It’s very rare that cigarettes are used in fashion and advertising campaigns these days. Sure, there was Marlboro man, Marine Marlboro man and many other notorious tobacco-advertising campaigns.
But there’s been a shift of emphasis. As people continue to see that cigarettes are harmful and dangerous, legislators have slammed their foot down, making it harder for cigarette-makers to advertise and spread their message.
It is now suggested that cigarettes ruin your image. Bad teeth, damaged hair and affected sleeping patterns, the general consensus is that cigarettes aren’t as desirable as they were during the Marlboro Man period.
Then, there’s e-cigarettes – the seemingly limitless modern device which many regard as a healthier alternative to traditional cigarettes.
And as people continue to switch, many celebrities and fashion icons appear to be realising the health benefits, too.
Kate Moss is the supermodel known for her rock ‘n’ roll image. She’s dated high-profile rock stars and actors like Johnny Depp, Pete Doherty and is now married to The Kills man Jamie Hince.
She would always have a cigarette in her hand. But since the emergence of e-cigarette, she’s ditched smoking for vaping.
And she isn’t the only A-lister to make the switch to e-cigarettes. Other fashion icons and stars like Katy Perry, Leonardo DiCaprio and Ben Affleck have been pictured looking cool with their vaping devices.
But could e-cigarettes ever become widely fashionable like cigarettes have been in the past? They’re often interpreted as nerdy and laborious, but is that the thing these days?
E-cigs are generally considered a healthy alternative to traditional tobacco as they do not emit anywhere near the harmful chemicals that cigarettes do. So, unsurprisingly, many celebrities have attempted to kick the habit by switching.
E-cigs are so accessible these days, and with such a diverse array of exciting and prominent e-liquid flavours available, vaping could be considered a limitless and ever-evolving method of crave satisfaction.
Many e-cigarettes and vaping products are marketed in an appealing, fashionable way. And then there’s the celebrities, like DiCaprio, vaping away. Could images of cele-vapers turn people onto e-cigs?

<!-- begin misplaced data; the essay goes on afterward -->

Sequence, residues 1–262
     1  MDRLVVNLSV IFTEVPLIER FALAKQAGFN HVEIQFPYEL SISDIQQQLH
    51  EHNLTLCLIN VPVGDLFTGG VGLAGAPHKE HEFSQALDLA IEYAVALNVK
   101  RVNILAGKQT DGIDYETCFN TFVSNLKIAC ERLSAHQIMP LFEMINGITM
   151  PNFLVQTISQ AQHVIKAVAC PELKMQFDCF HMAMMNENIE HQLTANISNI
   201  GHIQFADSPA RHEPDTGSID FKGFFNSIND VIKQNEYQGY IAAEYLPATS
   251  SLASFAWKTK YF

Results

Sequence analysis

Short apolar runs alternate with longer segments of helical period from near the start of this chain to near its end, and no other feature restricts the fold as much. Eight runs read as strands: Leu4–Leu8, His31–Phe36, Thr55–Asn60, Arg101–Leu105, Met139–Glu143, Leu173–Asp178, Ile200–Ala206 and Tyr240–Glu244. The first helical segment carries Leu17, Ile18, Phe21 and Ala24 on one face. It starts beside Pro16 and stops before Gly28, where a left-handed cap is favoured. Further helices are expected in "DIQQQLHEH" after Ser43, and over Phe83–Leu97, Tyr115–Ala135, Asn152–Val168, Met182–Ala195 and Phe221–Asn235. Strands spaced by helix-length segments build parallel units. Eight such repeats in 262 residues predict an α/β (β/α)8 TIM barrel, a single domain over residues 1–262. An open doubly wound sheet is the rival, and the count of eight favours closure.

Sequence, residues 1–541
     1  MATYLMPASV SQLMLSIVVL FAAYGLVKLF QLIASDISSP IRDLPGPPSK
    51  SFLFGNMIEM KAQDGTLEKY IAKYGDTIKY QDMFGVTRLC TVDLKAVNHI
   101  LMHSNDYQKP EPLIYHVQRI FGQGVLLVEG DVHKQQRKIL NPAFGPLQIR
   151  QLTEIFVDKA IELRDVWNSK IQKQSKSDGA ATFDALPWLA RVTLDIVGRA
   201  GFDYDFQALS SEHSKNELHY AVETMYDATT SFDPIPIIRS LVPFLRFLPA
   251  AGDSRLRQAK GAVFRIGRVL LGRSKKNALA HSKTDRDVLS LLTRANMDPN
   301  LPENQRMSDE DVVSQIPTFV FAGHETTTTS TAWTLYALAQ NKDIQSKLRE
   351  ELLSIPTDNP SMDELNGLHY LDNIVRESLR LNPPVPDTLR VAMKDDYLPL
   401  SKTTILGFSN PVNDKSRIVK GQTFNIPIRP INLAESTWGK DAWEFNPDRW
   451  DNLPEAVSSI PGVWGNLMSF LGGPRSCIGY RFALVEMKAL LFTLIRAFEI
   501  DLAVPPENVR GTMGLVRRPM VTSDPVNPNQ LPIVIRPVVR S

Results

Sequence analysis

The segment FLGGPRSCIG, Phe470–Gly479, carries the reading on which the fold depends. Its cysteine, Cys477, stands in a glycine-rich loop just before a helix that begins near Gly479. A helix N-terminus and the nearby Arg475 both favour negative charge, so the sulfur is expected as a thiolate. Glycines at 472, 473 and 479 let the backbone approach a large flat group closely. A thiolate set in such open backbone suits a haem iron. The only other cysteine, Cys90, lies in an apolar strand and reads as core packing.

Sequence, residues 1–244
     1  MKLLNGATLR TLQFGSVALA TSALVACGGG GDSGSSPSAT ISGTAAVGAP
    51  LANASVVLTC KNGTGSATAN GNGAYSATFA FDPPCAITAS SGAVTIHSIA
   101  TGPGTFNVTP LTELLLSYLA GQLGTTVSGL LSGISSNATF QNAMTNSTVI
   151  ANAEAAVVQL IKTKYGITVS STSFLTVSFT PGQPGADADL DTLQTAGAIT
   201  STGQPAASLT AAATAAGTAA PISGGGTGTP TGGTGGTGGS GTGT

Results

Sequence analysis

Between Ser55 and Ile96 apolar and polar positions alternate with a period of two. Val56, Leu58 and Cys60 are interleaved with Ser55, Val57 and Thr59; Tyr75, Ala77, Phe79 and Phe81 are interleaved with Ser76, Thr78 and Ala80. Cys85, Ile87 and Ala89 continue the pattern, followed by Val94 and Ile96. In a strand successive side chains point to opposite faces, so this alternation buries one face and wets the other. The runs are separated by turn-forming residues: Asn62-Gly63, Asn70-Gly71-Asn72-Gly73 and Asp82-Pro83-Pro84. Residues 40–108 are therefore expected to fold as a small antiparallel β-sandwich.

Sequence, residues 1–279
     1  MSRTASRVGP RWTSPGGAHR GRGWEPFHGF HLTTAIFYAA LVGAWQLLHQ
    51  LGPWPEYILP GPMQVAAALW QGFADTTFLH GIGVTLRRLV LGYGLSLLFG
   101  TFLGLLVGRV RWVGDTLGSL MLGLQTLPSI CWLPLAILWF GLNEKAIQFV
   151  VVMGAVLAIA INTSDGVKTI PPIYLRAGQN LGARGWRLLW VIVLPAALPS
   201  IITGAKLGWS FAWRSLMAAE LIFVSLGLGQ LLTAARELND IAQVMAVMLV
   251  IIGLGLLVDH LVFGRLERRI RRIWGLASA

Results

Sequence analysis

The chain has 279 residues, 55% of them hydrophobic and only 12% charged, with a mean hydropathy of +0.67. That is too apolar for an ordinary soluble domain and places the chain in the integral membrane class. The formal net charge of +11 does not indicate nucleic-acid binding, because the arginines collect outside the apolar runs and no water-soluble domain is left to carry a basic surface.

There’s no doubt that cigarette advertising campaigns, like Marlboro man, Marine Marlboro man and more were aiming to get people on Marlboro cigarettes.
And the campaign succeeded. Within two years of the first Marlboro Man advertising, sales were at an astronomical $20 billion, a 300% increase.
E-cigs, like cigarettes in the 1950s, are on a seemingly unstoppable ascent to the forefront of communities worldwide. This isn’t an article dedicated to business or economics, but as an example, e-cigarette sales in the US are expected to reach $4.1 billion in 2016.
Now, lets have a look at a few infamous and widely circulated images of celebritiesvaping. Leonardo DiCaprio is such a notorious vaper, that PopSugar even went through the bother of compiling a slideshow of Leo vaping.
It’s not difficult to see why Leo has faced criticism from anti-vaping people. He’s a cool vaper. No-one in the right mind would dispute that. But has he normalised, or convinced people that vaping is the way forward? Has he convinced people that vaping can look cool?
After DiCapriovaped at the SAG awards, he divided the response on social media, which is rather typical of the divisiveness of e-cigs. Doctors believe that the pens could carry cancer risks.
One queried whether DiCaprio had just become more of a badass, and another Twitter user said they would consider vaping as Leonardo DiCaprio has just made it cool.
And then there’s Kate Moss. One of the most successful models ever, she loves her e-cigarettes so much that she forked out £2,000 just for her e-cigs to be delivered to her after she forgot to take them on holiday with her.
One of the coolest women on earth vaping is bound to make e-cigs look desirable, and her trusty e-cig is going to grow in popularity.
E-cigarettes, based on the amount of users and value of the market, certainly seem to be the new cigarettes these days. And, in-turn, this leads e-cigarettes into media and marketing.
They’ve received exposure from celebrities, use in music videos and film, and it’s difficult to disregard the connection between this surge and the growth in popularity worldwide.
It certainly appears that marketing and fashion plays a big role in swaying people. What do you think? Do you agree with making smoking or e-cigs fashionable? Why and Why not?
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